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Eagle

Amendment IV



Document 18

Grumon v. Raymond

1 Conn. 40 1814

Reeve, Ch. J. That this warrant was such as no justice ought to have issued will be admitted; for it is not only a warrant to search for stolen goods supposed to be concealed in a particular place, but it is a warrant to search all suspected places, stores, shops and barns in Wilton. Where those suspected places were in Wilton is not pointed out, or by whom suspected: so that all the dwelling-houses and out-houses within the town of Wilton were by this warrant made liable to search. The officer also was directed to search suspected persons, and arrest them. By whom they were suspected, whether by the justice, the officer, or complainant, is not mentioned; so that every citizen of the United States within the jurisdiction of the justice to try for theft, was liable to be arrested and carried before the justice for trial. The warrant was this: Search every house, store or barn within the town of Wilton, that is suspected of having certain bags concealed in it, said to be stolen, and all persons who are suspected of having stolen them. This is a general search-warrant, which has always been determined to be illegal, not only in cases of searching for stolen goods, but in all other cases.

In all the history of legal proceedings there is no such warrant to be found as to arrest all suspected persons; for in those general warrants issued by Lord Halifax, as secretary of state, in search of libels, the persons to be arrested were pointed out in every warrant; but is was to ransack a man's house, and to bring all his books, papers, &c. before Lord Halifax. A number of suits were brought against those employed by Lord Halifax for having executed these warrants; and in every instance, the plaintiff prevailed, and recovered exemplary damages, by verdicts of the jury; which verdicts were approbated by the court; for in all the applications for new trials, they refused them.

It cannot be said, that those cases differed from the present one; that in this case the justice had jurisdiction over theft, and might issue a proper warrant in the case; and having issued an improper one, it is only an error in judgment respecting a subject over which he has jurisdiction, and therefore he cannot be accountable; but that Lord Halifax, as secretary of state, had no jurisdiction over the subject matter. This is not the case. A secretary of state has power to commit for treason and seditious libels upon a proper warrant. Rex v. Kendall and Row, Skinn. 596. S. C. 1 Salk 347. S. C. 1 Ld. Raym. 65. Rex v. Wyndham, 1 Stra. 2. Searche's case, 1 Leon. 70. pl. 93. Yaxley's case, Carth. 291. Hellyard's case, 2 Leon. 175. pl. 213. 2 Hawk. P. C. c. 16. s. 4. And this doctrine was held to be correct by the court who tried the cases. 2 Wils. 288. The ground on which the defendants were held liable was not that the secretary had no jurisdiction in case of libels against the government, but that he had no jurisdiction to issue such a process; for there must be not only a jurisdiction of the subject matter, but also a jurisdiction of the process. This point was expressly determined in the case of Martin v. Marshall and Key, Hob. 63. In a case tried by the mayor of York, the action brought was trespass vi et armis. The mayor of York was judge of a court of limited jurisdiction, and issued a process which was illegal. Though he had full jurisdiction over the subject matter tried, yet the court held him liable; for, say the court, the judge had a limited jurisdiction of the subject matter, but had no jurisdiction of such process as was issued. This doctrine was recognized as correct in Perkin v. Proctor & al. 2 Wils. 386. where the court say, there must be jurisdiction of the process as well as of the person and cause.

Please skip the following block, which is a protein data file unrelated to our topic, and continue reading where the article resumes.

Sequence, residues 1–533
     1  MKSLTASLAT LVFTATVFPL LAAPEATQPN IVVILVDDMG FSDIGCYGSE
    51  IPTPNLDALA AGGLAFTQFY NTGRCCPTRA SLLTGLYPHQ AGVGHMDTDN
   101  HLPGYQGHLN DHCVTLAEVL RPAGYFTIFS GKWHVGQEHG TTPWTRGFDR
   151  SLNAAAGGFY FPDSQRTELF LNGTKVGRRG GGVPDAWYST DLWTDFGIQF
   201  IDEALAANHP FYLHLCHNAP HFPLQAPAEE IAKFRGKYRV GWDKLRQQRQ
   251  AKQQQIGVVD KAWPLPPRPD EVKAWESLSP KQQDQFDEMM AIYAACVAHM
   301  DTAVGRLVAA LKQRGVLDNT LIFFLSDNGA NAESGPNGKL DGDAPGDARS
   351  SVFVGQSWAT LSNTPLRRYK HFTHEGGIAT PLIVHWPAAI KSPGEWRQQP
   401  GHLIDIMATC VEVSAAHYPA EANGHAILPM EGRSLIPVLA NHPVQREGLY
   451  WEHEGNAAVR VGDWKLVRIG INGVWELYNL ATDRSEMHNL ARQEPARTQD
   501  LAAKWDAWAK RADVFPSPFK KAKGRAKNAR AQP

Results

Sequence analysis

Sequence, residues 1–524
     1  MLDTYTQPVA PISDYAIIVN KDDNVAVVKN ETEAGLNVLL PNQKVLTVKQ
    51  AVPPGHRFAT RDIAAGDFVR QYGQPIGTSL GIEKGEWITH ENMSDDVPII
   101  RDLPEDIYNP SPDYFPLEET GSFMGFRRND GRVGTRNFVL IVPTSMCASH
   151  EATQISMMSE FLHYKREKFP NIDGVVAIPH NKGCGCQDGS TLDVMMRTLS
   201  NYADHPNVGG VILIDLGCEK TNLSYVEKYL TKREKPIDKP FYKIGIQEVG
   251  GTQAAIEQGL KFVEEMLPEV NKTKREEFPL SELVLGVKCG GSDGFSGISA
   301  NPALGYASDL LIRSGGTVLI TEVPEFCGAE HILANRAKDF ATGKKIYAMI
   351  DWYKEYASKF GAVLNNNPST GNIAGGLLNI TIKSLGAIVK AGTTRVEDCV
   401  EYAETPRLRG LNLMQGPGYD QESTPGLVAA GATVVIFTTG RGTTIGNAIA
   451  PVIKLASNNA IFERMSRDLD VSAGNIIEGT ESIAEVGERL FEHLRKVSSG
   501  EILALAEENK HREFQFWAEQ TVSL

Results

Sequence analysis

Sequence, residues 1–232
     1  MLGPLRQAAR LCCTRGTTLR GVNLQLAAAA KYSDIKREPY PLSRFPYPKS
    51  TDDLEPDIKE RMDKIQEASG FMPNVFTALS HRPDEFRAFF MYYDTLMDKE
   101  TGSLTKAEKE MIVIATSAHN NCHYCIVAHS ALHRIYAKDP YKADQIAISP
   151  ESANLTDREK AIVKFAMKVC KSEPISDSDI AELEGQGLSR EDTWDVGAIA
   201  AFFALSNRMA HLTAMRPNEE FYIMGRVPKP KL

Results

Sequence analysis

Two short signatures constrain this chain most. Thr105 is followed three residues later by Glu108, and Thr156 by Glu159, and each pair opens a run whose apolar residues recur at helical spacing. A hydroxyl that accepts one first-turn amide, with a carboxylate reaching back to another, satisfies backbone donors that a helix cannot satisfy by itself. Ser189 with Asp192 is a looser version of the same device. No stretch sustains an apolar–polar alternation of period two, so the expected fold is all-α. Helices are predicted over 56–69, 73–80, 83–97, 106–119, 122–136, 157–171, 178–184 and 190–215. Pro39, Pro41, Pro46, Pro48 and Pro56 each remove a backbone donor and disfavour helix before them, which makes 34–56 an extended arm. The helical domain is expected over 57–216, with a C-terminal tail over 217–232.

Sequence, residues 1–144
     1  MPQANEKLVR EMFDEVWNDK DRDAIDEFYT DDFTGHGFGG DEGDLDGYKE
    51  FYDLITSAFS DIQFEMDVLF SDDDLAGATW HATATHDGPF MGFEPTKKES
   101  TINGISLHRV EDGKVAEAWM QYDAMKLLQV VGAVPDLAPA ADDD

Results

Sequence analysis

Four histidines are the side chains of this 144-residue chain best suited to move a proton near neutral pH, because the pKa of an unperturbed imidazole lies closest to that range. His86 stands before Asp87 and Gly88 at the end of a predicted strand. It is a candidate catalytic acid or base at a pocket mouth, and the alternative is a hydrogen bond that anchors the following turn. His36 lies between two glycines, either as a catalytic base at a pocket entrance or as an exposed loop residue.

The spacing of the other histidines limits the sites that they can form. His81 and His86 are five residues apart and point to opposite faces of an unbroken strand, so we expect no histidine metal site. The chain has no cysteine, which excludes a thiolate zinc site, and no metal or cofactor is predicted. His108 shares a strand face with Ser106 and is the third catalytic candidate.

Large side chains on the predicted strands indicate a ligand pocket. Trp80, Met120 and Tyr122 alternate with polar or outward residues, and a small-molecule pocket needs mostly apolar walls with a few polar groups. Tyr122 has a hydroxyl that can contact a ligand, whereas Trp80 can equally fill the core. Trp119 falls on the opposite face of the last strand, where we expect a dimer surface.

In the principal case, the law knows of no such process as one to arrest all suspected persons, and bring them before a court for trial. It is an idea not to be endured for a moment. It would open a door for the gratification of the most malignant passions, if such process issued by a magistrate should skreen him from damages.

As there is no such process known to the law as the record presents, no person could be arrested under it. The case, then, stands on no better ground than it would if there had been no process, and a verbal direction had been given to arrest all suspected persons, and bring them before the justice. But the magistrate who issued a verbal process to arrest was held liable in trespass; and this is recognized as good law in 2 Wils. 386.

Should it be asked, if a justice issues a warrant which has some defect in it, so that the person arrested cannot be held by it, is the justice liable? I answer, he is not, if he aims at issuing a process which the law recognizes, and fails though some oversight or mistake. If he should attempt to issue an attachment against the goods, estate or person of a debtor, and direct the officer for want of property to take the debtor, and him have before the court &c., and it should be so defective as to abate, the justice would not be liable; for he had jurisdiction over that kind of process which he issued. But if he should direct the officer, for want of property, to take the body of the debtor, and put him in irons, and confine him in Newgate, he would be liable; for the law knows of no such process.

Where there is a want of jurisdiction over the persons, as in the Marshalsea case, 10 Co. 70.; or over the cause, as if a justice should try a man for murder; or over the process, as in the case cited from Hobart; it is the same as though there was no court. It is coram non judice.

From the case of Entick v. Carrington, 2 Wils. 275. we have the opinion of the Chief Justice, that if a warrant which is against law be granted, such as no justice of the peace or other magistrate, high or low, has power to issue, the justice who issues and the officer who executes it are liable in an action of trespass. And no man can hesitate to say, that the law knows of no such warrant as one to arrest suspected persons without naming them, without any complaint, against any person, leaving it to the officer to suspect whom he pleases, or to arrest every person that any other person suspects.